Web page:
EU procurement reform 'does not solve key problems'

15 September 2013

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16 September 2013 | Marino Donati

Reforms to European procurement law fail to address “real world” problems, according to a construction sector body.

Changes to current directives that govern public purchasing are part of an overall programme to modernise public procurement in the European Union.

However, the European Construction Industry Federation (FIEC) said changes to the directive will fail to achieve the European Commission's objectives. 

The FIEC, which represents members in 29 countries, said not enough had been done to tackle the problem of abnormally low tenders, with neither mandatory identification criteria nor mandatory rejection part of the new directive. 

Revisions to the award criteria, aimed at producing the best price-quality ratio for tenders, have made the wording more complicated. And it remains insufficient to deter authorities from awarding contracts to the cheapest offers, to the detriment of quality, the FIEC said.

Shortening of time limits to respond to tenders went against the commission’s aim of encouraging SMEs to have access to public procurement markets, as good quality tenders took time to draw up.

The new directive also creates unfair advantages to public entities, to the detriment of private enterprises, the FIEC claimed. It said the scope of “in-house” and “public-public cooperation” had been broadened considerably, allowing important market shares to be awarded without transparent, competitive procedures.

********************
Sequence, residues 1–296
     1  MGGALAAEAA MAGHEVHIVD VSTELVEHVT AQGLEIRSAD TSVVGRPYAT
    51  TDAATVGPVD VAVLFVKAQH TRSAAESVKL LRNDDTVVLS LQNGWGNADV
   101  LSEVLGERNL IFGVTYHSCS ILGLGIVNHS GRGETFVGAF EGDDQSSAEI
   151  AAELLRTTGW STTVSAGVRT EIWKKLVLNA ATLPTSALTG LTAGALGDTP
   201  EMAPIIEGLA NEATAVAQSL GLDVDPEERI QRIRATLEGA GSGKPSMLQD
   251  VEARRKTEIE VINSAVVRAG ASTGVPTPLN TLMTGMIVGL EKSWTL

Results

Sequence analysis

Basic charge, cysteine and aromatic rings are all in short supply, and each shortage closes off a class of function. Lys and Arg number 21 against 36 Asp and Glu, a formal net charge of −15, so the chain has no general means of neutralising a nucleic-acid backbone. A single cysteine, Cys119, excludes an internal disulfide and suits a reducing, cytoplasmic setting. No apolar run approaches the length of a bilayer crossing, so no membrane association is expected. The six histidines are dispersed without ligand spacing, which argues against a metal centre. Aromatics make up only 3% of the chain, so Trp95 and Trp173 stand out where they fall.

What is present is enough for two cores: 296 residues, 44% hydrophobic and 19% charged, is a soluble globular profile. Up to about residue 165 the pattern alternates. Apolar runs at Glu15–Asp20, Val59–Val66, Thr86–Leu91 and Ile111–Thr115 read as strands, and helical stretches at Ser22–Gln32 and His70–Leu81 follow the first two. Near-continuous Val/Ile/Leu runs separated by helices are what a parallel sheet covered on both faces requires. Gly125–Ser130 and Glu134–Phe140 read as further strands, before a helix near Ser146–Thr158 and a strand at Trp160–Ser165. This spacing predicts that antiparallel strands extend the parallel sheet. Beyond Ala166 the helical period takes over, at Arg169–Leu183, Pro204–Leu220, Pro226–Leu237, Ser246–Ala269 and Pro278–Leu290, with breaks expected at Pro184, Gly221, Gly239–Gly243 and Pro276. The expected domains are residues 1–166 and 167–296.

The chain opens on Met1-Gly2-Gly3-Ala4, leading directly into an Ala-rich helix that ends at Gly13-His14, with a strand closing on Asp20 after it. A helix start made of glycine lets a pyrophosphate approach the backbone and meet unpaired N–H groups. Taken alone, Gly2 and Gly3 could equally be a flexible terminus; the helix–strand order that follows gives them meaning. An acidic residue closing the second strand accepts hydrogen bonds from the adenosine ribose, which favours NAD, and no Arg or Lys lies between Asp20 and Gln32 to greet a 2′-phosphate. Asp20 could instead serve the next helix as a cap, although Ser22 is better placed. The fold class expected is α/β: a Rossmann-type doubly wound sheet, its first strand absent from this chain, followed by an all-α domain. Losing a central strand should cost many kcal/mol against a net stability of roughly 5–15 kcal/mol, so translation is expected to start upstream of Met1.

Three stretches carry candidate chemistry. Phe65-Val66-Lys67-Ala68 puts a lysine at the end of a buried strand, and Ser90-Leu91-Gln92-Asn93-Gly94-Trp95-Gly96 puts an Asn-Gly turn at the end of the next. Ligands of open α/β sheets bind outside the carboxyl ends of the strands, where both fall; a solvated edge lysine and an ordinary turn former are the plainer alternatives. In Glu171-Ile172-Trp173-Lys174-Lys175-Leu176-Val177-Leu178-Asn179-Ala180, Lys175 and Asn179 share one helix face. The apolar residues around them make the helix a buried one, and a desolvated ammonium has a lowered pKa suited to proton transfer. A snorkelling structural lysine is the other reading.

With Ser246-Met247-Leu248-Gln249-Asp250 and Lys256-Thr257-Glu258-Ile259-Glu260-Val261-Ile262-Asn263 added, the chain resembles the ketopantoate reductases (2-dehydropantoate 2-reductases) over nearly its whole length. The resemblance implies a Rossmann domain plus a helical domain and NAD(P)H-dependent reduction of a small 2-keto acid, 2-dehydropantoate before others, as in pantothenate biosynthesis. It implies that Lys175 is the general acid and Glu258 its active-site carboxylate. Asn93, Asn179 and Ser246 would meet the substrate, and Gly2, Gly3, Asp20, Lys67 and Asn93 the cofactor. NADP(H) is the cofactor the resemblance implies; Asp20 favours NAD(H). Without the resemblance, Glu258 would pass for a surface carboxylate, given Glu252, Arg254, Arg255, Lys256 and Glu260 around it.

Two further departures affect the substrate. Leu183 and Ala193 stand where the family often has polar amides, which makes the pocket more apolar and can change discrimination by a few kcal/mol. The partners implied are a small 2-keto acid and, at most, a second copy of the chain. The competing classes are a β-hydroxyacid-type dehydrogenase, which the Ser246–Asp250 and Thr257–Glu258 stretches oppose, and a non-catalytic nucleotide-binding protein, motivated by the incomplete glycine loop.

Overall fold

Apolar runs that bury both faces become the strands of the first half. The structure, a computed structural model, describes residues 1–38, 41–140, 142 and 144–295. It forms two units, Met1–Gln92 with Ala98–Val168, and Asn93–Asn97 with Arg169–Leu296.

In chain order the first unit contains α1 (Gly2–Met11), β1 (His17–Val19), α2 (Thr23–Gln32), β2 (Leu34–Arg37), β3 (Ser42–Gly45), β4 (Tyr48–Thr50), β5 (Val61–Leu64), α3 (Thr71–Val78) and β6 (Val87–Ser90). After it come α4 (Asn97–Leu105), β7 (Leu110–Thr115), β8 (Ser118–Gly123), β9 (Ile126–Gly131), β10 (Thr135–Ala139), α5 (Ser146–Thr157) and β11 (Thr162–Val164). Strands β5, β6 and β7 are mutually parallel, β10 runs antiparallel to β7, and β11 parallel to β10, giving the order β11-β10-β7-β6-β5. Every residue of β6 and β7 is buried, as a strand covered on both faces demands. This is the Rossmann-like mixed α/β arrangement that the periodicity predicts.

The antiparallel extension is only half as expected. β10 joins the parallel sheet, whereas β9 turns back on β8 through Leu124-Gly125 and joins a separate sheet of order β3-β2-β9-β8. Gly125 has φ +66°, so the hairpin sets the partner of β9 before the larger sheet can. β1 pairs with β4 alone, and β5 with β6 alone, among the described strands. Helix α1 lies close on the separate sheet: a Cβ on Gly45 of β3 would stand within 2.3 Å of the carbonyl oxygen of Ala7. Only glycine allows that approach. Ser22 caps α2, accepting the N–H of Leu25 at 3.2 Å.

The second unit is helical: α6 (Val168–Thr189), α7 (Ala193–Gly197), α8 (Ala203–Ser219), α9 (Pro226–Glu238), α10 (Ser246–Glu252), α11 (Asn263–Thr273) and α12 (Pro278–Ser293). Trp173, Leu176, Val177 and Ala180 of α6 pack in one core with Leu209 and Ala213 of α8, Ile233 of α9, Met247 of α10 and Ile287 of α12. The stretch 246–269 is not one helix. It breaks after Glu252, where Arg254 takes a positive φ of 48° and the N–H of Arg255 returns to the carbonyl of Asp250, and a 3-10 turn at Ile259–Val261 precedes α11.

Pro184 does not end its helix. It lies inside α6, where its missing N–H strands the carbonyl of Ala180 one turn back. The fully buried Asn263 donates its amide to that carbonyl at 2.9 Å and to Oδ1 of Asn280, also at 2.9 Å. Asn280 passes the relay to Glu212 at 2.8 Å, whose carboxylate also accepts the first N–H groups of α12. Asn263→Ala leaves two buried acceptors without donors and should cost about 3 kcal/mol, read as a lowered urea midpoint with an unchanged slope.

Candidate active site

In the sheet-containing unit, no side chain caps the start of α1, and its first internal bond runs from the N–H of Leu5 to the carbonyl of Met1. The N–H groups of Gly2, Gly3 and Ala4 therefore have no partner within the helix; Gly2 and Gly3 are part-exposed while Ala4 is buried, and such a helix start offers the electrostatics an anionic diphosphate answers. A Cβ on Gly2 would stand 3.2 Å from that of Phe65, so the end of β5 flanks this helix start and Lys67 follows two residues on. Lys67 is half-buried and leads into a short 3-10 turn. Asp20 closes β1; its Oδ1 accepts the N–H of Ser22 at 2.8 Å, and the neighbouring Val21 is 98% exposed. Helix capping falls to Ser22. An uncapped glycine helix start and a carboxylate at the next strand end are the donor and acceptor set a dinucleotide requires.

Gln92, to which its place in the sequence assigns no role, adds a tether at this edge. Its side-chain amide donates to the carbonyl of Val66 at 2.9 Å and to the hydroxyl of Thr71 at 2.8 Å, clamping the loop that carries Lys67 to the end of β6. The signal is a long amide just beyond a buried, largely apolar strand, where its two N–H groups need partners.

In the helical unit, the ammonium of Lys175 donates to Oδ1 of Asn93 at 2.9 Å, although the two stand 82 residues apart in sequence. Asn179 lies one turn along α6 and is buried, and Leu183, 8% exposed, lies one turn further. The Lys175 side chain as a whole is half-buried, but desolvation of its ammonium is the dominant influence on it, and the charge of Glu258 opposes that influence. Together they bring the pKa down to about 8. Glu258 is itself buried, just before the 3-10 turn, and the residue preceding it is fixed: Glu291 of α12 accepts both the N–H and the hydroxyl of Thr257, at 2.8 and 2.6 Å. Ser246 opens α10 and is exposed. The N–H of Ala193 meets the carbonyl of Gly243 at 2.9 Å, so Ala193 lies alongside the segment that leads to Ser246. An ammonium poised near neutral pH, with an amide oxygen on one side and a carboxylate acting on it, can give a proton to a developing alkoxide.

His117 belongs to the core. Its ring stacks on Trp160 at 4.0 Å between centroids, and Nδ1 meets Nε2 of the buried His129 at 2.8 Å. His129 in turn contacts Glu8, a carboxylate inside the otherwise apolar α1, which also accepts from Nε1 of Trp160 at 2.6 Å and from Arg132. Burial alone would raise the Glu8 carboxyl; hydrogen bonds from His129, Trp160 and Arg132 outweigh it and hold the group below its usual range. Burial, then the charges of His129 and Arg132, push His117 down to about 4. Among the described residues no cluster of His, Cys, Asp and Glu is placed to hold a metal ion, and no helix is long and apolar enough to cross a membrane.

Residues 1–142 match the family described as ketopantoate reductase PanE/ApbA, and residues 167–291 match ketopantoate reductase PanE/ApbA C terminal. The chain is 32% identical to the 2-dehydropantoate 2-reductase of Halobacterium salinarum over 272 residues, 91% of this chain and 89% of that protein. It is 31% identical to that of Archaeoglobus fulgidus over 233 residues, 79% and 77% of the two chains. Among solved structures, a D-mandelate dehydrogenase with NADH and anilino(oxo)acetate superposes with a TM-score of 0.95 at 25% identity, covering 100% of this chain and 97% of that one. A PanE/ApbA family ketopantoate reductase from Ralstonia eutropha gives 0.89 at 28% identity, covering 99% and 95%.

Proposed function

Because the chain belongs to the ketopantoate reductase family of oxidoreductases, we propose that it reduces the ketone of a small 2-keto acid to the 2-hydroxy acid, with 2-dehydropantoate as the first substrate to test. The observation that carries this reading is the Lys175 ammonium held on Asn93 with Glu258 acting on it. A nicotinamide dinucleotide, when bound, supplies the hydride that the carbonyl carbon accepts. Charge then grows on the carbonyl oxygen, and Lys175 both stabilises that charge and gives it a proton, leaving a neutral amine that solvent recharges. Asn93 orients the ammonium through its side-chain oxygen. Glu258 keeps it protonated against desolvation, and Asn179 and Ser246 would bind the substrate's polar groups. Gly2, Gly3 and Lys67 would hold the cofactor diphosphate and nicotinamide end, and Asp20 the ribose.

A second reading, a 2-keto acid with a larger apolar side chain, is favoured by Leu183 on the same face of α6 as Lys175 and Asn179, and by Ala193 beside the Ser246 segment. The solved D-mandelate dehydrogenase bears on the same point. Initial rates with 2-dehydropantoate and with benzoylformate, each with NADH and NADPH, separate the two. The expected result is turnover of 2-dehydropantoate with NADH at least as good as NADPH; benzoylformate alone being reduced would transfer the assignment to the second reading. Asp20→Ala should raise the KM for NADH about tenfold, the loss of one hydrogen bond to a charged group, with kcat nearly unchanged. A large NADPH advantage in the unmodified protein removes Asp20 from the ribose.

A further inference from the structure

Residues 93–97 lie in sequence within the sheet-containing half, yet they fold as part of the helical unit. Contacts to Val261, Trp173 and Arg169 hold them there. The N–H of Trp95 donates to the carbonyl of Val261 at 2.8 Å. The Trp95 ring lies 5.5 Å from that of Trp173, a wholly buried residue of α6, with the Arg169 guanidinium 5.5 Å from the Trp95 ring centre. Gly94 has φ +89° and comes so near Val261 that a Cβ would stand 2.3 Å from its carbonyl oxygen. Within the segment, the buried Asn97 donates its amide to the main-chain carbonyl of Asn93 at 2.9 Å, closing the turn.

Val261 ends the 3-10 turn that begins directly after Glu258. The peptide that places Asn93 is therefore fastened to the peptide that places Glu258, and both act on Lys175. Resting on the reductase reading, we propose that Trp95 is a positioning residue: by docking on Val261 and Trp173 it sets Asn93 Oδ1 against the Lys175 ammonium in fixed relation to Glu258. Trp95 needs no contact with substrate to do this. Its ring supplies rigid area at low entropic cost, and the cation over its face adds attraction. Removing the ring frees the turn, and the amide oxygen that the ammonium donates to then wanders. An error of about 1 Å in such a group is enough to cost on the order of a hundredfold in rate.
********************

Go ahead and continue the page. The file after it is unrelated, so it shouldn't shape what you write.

FIEC president Thomas Schleicher said: “From the very beginning of this legislative process, FIEC stressed there was not sufficient practical experience for a revision, due to the late implementation of the current directives into national law.

“And now, despite some welcome changes, we end up with lengthy and complicated procedures, which do not solve some key problems that contractors have to face in the real world.”

The European Council is scheduled to give final formal agreement to the regulations after November. Member states will have two years to transpose them into their national laws after they come into force.

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